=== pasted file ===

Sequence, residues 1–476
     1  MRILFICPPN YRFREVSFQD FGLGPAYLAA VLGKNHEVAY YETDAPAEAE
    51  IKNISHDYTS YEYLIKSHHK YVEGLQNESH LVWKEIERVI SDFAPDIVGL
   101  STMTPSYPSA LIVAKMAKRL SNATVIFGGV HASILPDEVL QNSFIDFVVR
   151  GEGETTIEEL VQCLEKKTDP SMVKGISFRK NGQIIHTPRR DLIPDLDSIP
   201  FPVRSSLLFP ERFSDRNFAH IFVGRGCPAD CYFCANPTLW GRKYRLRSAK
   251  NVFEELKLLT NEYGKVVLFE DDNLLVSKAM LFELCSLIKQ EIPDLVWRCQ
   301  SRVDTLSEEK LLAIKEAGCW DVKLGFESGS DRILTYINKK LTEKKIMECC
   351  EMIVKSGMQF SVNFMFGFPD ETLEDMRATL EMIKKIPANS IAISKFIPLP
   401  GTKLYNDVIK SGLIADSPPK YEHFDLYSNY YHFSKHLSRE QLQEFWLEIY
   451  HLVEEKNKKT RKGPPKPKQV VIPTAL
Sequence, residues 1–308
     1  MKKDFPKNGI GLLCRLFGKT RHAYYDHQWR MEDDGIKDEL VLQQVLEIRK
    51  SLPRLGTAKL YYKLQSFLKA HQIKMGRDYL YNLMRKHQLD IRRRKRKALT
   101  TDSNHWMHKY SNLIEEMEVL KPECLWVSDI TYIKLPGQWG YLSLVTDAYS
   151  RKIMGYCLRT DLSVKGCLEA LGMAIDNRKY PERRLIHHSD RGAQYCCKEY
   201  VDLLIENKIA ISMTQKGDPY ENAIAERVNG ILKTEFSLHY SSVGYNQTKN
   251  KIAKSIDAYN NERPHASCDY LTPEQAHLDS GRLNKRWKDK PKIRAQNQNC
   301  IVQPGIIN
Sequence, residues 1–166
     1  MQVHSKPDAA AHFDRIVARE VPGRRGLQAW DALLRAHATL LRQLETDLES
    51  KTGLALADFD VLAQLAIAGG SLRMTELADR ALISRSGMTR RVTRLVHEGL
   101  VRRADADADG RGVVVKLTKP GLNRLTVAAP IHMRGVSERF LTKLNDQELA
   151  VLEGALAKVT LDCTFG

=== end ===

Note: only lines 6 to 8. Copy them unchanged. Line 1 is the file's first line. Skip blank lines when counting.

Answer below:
   201  FPVRSSLLFP ERFSDRNFAH IFVGRGCPAD CYFCANPTLW GRKYRLRSAK
   251  NVFEELKLLT NEYGKVVLFE DDNLLVSKAM LFELCSLIKQ EIPDLVWRCQ
   301  SRVDTLSEEK LLAIKEAGCW DVKLGFESGS DRILTYINKK LTEKKIMECC